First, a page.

Ferry tragedy probed as South Korea impeachment hearing opens
South Korea’s scandal-hit president was asked to clarify the mystery surrounding her whereabouts at the time of a disastrous 2014 ferry sinking Thursday as the Constitutional Court opened her impeachment hearing.
Parliament voted to impeach Park Geun-Hye earlier this month over a corruption scandal in which she allegedly colluded with a friend to strong-arm donations from large conglomerates to two dubious foundations.
She is also accused of ordering aides to leak state documents to Choi Soon-Sil, who has no official title or security clearance, and allowing her to meddle in state affairs including the appointment of top officials.
The case is now being considered by the Constitutional Court which has 180 days to rule on the validity of the impeachment.
Justice Lee Jin-Sung rejected an apparent attempt by Park’s lawyers to stall the hearing, instead launching into questions over where she was in the aftermath of the Sewol ferry disaster that left more than 300 people dead.
“I’m sure the president herself will know best what she did on the day of the Sewol ferry disaster,” Lee said. “We request that she provide all details.”
Park’s response to the tragedy was one of the issues cited when parliament voted for her impeachment and Park faces growing pressure to explain what she was doing on the day.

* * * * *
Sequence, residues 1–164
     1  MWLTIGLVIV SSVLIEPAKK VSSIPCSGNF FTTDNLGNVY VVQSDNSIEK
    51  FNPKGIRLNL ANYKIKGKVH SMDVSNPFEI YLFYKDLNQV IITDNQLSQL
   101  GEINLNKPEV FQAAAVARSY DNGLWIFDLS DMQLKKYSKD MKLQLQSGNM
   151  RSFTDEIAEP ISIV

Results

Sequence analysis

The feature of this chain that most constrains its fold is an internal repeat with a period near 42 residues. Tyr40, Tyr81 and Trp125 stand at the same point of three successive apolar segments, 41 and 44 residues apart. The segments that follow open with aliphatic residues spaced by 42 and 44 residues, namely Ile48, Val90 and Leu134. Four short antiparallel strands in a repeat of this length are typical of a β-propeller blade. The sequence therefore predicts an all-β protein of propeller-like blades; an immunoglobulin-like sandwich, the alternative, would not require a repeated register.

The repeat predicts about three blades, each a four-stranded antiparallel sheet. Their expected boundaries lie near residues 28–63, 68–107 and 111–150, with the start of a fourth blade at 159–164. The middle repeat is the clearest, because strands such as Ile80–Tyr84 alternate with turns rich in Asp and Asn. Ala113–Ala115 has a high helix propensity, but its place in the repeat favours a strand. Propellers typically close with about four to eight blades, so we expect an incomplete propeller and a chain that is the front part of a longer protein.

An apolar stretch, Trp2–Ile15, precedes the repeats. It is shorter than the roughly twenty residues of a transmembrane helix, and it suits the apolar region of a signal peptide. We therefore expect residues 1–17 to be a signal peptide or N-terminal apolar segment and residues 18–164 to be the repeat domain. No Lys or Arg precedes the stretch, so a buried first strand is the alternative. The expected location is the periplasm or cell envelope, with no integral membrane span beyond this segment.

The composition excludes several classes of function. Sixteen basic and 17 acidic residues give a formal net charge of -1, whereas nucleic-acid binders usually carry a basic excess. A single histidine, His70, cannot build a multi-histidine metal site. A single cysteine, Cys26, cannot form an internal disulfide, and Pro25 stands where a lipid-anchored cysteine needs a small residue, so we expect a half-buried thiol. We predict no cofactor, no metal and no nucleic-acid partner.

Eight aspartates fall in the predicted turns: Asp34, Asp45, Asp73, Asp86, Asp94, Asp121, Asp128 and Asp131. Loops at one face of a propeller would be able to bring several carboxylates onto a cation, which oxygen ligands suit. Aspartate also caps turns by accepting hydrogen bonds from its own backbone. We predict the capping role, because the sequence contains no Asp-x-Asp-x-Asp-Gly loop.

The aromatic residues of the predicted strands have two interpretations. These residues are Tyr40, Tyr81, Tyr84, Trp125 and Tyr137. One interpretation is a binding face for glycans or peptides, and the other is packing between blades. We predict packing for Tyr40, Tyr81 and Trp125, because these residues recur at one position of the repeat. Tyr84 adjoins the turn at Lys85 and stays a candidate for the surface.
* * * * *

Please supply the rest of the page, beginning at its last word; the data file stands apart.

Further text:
Questions have been raised over Park’s activities during a seven-hour period after she was initially informed of the sinking and before her first appearance at an official meeting to discuss the government’s response.
Unconfirmed media reports have suggested a wide range of theories about Park’s whereabouts, including a romantic liaison, participation in a shamanistic ritual, cosmetic surgery or, most recently, a 90-minute haircut.
Choi, who is said to have had a “Rasputin-like” influence over the president, pleaded not guilty to all charges when her trial opened this week.
The court also rejected a request from Park’s defence team to suspend its deliberations until the prosecution of Choi and other defendants runs its course.
Massive demonstrations have been taking place in Seoul and other cities every Saturday for the past two months, with protestors calling for Park’s immediate departure from office.
But Park has remained defiant, declaring she will “calmly” wait until the conservative-leaning Constitutional Court reaches a decision.
At least six members of the nine-judge panel are needed to approve the motion and Park is apparently pinning hopes on the court’s conservative bent.
If the justices confirm impeachment, Park will be permanently removed and elections must be held within 60 days — meaning a ballot could be held as early as late March.
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